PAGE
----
“Let the party begin!”
A bank robbery that, for all appearances, is feckless and wild kicks off the absurd but true story based on the bank heist and hostage crisis that took place in Stockholm in 1973. That incident documented in a New Yorker article (Daniel Lang’s “The Bank Drama”) was posited as the origins of “Stockholm Syndrome.” Ethan Hawke reunites with his Born to be Blue director, Robert Budreau, and while that film achieved a sense of truth to its subject while achieving an artistic flourish, Stockholm doesn’t quite hit the same highs as their last collaboration.
The Outlaw (Ethan Hawke), as he likes to be called, went in guns blazing to the Kreditbanken, and that’s where all pretenses of a bank robbery ended. Outlaw puts some bullets into the ceiling, demands the chief of police (Christopher Heyerdahl) be called to the scene, and promptly releases all but two of the people in the bank. It’s not the money that Outlaw wants, no, he’s requesting the release of Gunnar Sorensson (Mark Strong). The Outlaw, actually named Lars, is Swedish by birth but raised American, is quite charismatic. Donning a leather jacket with the Texas flag sewn on the back, a cowboy hat, and an automatic rifle, you could be forgiven for thinking that Lars is about to go on a killing spree, but the truth is that Lars has no intentions of harming anyone. He just wants his friend Gunnar released from prison, $1 million U.S. currency in unmarked bills and, oh, the 1968 Ford Mustang 390 GT 2+2 Fastback that Steve McQueen drove in Bullit.
Ethan Hawke is ideally suited to play the wild-card, would-be bank robber and it’s easy to see why the bank employees would develop feelings for Lars as Hawke wins over the people he’s holding hostage. Bianca’s (Noomi Rapace) relationship with Lars, in particular, is the staple that holds most of Stockholmtogether. Noomi Rapace is asked to deliver the whole emotional gambit, at once fearful, and then begrudgingly accepting and protective of her captors. Presented with her husband for what could the last time, Bianca gives him detailed notes on preparing the herring dinner she made for the kids, all while Lar’s gun is pointed at her. It comes as a small shock to her husband later when Bianca says of Lars, “nobody’s all bad.” Rapace makes this desperate, pressure cooker romance with Hawke believable, an essential component to a film trying to capture why hostages would aid and even protect their captors in a crisis. Lars appeals to Bianca’s by reminding her of her value as a hostage, which she interpreted as a compliment. Other than Rapace and Hawke’s chemistry, it’s a little difficult to understand why Lars had his hooks so deep into the Kreditbanken hostages.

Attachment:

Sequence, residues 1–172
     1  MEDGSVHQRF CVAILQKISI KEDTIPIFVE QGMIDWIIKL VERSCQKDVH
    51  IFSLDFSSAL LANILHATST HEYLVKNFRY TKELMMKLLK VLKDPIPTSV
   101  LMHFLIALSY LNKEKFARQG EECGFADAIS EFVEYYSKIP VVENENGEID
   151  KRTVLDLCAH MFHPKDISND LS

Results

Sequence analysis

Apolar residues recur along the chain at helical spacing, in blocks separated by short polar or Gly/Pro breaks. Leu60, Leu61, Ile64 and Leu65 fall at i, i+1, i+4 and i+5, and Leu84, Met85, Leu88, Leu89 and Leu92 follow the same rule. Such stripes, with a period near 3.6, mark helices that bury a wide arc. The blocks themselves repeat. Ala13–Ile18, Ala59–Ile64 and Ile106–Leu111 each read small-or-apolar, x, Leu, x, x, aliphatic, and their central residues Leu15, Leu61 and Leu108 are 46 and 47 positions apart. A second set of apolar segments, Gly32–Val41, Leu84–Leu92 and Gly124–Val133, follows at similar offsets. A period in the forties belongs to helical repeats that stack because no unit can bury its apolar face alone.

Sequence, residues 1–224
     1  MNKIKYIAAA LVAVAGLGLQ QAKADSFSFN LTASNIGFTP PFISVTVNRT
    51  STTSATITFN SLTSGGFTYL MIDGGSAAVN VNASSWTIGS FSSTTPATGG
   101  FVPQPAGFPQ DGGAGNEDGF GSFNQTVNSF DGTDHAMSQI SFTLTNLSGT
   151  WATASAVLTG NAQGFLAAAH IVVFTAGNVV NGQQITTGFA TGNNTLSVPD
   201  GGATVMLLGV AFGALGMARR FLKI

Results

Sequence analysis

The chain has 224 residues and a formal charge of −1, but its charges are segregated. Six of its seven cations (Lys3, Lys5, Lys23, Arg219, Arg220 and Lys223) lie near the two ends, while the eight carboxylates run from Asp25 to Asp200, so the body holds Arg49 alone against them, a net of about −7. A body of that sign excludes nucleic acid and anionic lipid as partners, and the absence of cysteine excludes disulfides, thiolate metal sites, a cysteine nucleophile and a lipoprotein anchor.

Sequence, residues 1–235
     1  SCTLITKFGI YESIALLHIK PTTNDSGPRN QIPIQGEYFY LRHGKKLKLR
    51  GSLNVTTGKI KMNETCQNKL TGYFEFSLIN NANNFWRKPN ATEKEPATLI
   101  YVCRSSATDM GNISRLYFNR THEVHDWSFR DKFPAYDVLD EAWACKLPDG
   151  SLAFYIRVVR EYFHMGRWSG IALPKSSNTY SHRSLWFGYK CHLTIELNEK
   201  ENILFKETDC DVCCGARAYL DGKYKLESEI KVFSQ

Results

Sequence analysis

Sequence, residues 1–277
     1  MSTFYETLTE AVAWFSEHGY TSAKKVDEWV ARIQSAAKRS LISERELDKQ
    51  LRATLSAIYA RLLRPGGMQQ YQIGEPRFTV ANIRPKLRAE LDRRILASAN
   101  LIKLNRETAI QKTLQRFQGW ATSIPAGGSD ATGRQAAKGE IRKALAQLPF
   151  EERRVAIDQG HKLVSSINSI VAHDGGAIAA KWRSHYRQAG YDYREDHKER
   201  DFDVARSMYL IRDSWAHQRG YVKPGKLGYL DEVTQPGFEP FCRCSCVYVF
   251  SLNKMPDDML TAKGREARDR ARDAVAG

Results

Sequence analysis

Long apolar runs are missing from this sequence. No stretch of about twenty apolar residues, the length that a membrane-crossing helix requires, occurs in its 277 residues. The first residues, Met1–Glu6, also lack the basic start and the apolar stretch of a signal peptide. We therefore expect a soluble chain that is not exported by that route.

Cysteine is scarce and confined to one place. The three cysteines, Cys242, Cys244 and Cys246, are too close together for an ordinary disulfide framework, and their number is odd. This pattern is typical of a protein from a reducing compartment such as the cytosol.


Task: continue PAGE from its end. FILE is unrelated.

A psychological deep dive into what made Lars and Bianca click may not have been what Robert Budreau had in mind when making Stockholm, but in choosing that title, audiences could be forgiven for expecting some insight into the famous syndrome. What seems to interest Budreau more is the encroaching militarism that seeps into policing. Heyerdahl projects the competent intentions of police in keeping law and order, but the film rather cleverly pivots Heyerdahl into an authoritarian as his methods draw scorn by the media and his fellow officers. Certainly, Lars off-kilter behavior didn’t make sense to the police. Each new demand and strategy indicated that no one, not even Lars, knew what is going to happen next apparently. With three hostages in the vault and negotiations stretching over six days, violence was inevitable.
Now, Dog Day Afternoon this isn’t, Stockholm has its own unique sense of humor and pacing that won’t thrill people expecting Sidney Lumet’s sense of drama and timing. Stockholm doesn’t delve into the psychology at play between captor and captive. Whether that was Budreau’s intent is hard to discern because he plays the events of the story very straight forward, but one can tell from the performances given by Hawke, Rapace and Mark Strong that more must have been on their minds.
That Budreau is able to rein in the film from becoming truly outlandish is admirable. The director acknowledges how crazy the events depicted are, using the opening credits to remind viewers that Stockholm is “based on an absurd but true story.” Rather than indulge the inept criminal vein of Fargo, Budreau keeps the focus tight on the enigmatic characters that still make a decades-old story worth revisiting.